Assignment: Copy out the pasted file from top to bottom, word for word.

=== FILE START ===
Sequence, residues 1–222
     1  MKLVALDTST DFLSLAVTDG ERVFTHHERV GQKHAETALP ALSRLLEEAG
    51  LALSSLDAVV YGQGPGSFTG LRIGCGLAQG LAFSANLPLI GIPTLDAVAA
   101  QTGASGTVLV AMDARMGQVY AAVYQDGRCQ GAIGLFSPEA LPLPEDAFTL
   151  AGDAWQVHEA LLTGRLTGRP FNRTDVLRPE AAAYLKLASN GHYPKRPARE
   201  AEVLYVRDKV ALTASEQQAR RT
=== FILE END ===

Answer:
Sequence, residues 1–222
     1  MKLVALDTST DFLSLAVTDG ERVFTHHERV GQKHAETALP ALSRLLEEAG
    51  LALSSLDAVV YGQGPGSFTG LRIGCGLAQG LAFSANLPLI GIPTLDAVAA
   101  QTGASGTVLV AMDARMGQVY AAVYQDGRCQ GAIGLFSPEA LPLPEDAFTL
   151  AGDAWQVHEA LLTGRLTGRP FNRTDVLRPE AAAYLKLASN GHYPKRPARE
   201  AEVLYVRDKV ALTASEQQAR RT